Review: Hellblazer Vol. 2: The Smokeless Fire (Rebirth) trade paperback (DC Comics)

March 6, 2019

Well, that was rough. Simon Oliver's Rebirth Hellblazer run comes to an inglorious end in Hellblazer Vol. 2: The Smokeless Fire. What seemed a kind of charming, meandering fairy tale in Hellblazer Vol. 1: The Poison Truth devolves into something very rudimentary here, with plot turns at times ridiculous and nonsensical. Most of all, Smokeless Fire's attempts to be frightening or suspenseful fail remarkably. For decades Hellblazer was a crowning horror jewel in Vertigo's crown; this second Rebirth volume is a desperate cry to put this title back where it belongs or else (as is finally the case two volumes hence) put it out of its misery.

[Review contains spoilers]

Smokeless Fire has trouble from the start, but begins to go terribly wrong in its third chapter. We get whiffs of lampooning both British and American politics, which is good, but then Oliver gets mired in the tale of a Parliamentary figure, Mr. Carver, who apparently works for an angel, except that angel has been captured and tortured by the tale's pervading bad guy, a djinn. It is out of left field, and confusing -- we've never met Carver before and have no frame of reference for him, nor how and why he's in league with an angel. The book's politics are unclear, too -- the drug-abusing, brothel-visiting Carver apparently "sold" Brexit to the British people, positing that as an evil, but then again Carver has an angel behind him. All of this confusion is simply so the djinn can possess a military installation that's hardly mentioned again; it's a head-scratching bit that maybe Oliver meant to come back to, but all on its own it falls flat.

At the head of that chapter, Constantine has cast a spell so that a shoe lost by a thief will lead Constantine and sidekick Mercury to the thief and the book's McGuffin, a journal. That spell fails, with the shoe dropping randomly, and with no explanation of that other than Constantine isn't portrayed as a terribly good magician here. Later on, Constantine's strategy to find the thief is to cast a spell on this unremarkable white shoe so that it floats, with the hope that the floating shoe will become a viral sensation that will then draw out the thief to reclaim his shoe. That's inane, in general and for Hellblazer especially, and even more so that it works and the thief's girlfriend recognizes the shoe (despite knowing nothing about the situation and the fact that the thief has subsequently put new shoes on). The story ends with no clear indication of the journal's actual value, and the djinn abandoning the book anyway just for a chance to seemingly kill Constantine.

In between those chapters, we see Constantine fight werewolves for what appears no strong reason than to move along some pages; though a scene in this book protests that Constantine is not "the 'superhero' type," the common structure of one fight per issue is more pronounced here than in the first volume. That werewolf fight also includes a wholly uninspired appearance by Hellblazer stalwart Papa Midnite, who appears with no context or introduction, spouts off for a bit, and isn't heard from again. In these ways the Rebirth run seems to have lost its mojo; it's a Hellblazer book by virtue of John Constantine being on the page, but there's little here in terms of depth, suspense, or new character development.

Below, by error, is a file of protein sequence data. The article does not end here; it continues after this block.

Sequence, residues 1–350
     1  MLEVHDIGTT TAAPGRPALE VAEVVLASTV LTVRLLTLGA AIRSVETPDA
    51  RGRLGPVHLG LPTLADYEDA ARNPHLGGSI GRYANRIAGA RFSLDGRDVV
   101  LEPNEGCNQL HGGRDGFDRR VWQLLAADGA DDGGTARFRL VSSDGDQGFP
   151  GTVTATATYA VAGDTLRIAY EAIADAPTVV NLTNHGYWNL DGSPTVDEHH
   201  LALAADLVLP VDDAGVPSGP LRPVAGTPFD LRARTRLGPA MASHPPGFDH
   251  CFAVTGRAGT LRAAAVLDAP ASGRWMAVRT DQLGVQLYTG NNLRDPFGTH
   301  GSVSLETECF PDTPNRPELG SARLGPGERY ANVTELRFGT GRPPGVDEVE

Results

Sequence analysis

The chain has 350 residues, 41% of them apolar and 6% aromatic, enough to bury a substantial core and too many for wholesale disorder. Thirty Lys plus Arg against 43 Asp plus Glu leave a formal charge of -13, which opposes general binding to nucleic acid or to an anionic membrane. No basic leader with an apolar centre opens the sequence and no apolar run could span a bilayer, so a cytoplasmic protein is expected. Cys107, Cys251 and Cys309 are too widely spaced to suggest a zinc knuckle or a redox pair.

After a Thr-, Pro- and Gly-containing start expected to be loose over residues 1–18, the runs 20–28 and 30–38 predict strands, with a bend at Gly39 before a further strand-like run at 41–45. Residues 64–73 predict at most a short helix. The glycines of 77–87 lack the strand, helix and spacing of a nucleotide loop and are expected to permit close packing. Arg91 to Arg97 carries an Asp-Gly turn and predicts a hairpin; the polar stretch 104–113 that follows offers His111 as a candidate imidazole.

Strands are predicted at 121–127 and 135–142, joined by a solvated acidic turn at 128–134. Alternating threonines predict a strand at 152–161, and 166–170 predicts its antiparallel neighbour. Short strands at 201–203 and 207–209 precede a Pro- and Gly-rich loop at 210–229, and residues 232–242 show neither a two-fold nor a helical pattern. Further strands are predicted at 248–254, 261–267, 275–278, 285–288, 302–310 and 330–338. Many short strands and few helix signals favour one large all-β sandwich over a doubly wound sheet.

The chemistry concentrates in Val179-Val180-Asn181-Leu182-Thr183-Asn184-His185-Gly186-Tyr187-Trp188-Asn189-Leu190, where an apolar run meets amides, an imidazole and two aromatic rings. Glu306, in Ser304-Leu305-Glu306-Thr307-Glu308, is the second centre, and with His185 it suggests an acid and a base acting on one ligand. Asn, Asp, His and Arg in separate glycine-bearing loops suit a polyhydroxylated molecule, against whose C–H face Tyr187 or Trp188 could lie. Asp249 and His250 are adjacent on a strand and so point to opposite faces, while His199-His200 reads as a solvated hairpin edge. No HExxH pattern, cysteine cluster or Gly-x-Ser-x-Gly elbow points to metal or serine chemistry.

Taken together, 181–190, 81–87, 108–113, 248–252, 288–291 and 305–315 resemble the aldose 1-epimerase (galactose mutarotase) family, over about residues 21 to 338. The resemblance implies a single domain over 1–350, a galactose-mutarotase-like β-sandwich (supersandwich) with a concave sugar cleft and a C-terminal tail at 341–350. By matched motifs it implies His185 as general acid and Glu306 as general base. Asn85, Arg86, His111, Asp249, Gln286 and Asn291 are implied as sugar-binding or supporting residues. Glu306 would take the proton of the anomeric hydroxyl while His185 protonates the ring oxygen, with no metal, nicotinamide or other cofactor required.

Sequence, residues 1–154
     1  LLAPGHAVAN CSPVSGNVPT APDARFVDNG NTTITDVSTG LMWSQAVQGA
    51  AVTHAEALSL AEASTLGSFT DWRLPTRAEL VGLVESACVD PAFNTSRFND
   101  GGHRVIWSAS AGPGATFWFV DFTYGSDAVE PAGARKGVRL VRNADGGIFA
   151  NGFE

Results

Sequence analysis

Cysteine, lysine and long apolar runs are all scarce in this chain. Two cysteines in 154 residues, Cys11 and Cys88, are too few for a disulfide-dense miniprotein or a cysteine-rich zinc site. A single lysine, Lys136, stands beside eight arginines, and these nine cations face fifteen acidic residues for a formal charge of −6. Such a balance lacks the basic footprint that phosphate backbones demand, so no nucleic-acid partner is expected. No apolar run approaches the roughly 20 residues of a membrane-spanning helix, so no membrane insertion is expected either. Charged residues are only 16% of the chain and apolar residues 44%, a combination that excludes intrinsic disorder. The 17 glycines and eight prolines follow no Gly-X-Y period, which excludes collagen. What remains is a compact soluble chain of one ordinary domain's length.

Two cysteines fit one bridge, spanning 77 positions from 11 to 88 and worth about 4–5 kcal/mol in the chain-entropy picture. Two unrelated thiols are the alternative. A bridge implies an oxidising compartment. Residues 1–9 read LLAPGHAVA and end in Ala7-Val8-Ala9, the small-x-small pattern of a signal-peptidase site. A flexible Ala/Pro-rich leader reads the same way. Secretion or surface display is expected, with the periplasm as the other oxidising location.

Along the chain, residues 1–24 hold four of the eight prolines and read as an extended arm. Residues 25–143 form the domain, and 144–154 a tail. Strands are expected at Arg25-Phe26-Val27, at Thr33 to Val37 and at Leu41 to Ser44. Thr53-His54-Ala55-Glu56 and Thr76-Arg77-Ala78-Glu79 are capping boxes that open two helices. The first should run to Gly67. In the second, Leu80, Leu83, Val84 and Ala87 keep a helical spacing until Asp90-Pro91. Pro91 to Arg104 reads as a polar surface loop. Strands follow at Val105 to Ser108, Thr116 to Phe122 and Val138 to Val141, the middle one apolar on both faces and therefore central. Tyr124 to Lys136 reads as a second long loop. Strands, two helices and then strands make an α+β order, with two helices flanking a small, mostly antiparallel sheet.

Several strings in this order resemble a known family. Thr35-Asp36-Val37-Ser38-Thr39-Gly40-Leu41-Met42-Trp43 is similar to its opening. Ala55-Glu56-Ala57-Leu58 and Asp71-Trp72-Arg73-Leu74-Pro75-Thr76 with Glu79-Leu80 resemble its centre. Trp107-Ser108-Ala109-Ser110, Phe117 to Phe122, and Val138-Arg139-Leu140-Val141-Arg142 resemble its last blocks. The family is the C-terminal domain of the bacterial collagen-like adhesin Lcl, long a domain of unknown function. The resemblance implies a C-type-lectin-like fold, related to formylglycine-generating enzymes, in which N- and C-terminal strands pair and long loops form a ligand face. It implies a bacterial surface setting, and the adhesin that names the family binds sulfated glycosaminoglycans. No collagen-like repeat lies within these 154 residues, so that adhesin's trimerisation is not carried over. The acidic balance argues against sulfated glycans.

Artist Philip Tan offers manga-inspired work in the first two chapters, which is strange and unexpected. It is more in this style than I recall Tan's previous work on Green Lantern or Curse of Brimstone, and it seems well-done. Probably manga wouldn't be my first suggestion for Hellblazer, but it lends itself a little more to the creation of horror here, and simply for the absence of any grave missteps, Tan's are the best chapters of the book. Davide Fabbri takes over after that with a very straightforward, animated style that's wholly ill-suited for Hellblazer, wringing any horror straight out of the proceedings; I don't question Fabbri's suitability for Star Wars comics but on Hellblazer his work is very out of place.

Support Collected Editions -- Purchase Hellblazer Vol. 2: The Smokeless Fire

I'll mention that the variant covers by Yasmine Putri collected at the end of Hellblazer Vol. 2: The Smokeless Fire are pretty great, in line with DC's overall stepped-up variant covers lately. The cover to issue #7, with Constantine jumping over rooftops in the broad daylight, seems unsuited to Hellblazer, but is an energetic, exciting cover with Constantine slip-sliding and the birds flying in the opposite direction. Ditto too the variant cover to issue #9, with Constantine and Mercury in a shop of curios, reflected in crystal ball. It goes without saying that I wish the inside had been on par, and I can only hope Tim Seeley serves John Constantine better in the next collection.

[Includes original and variant covers]

Summary
Review Date
Reviewed Item
Hellblazer Vol. 2: The Smokeless Fire
Author Rating
2.5 (scale of 1 to 5)

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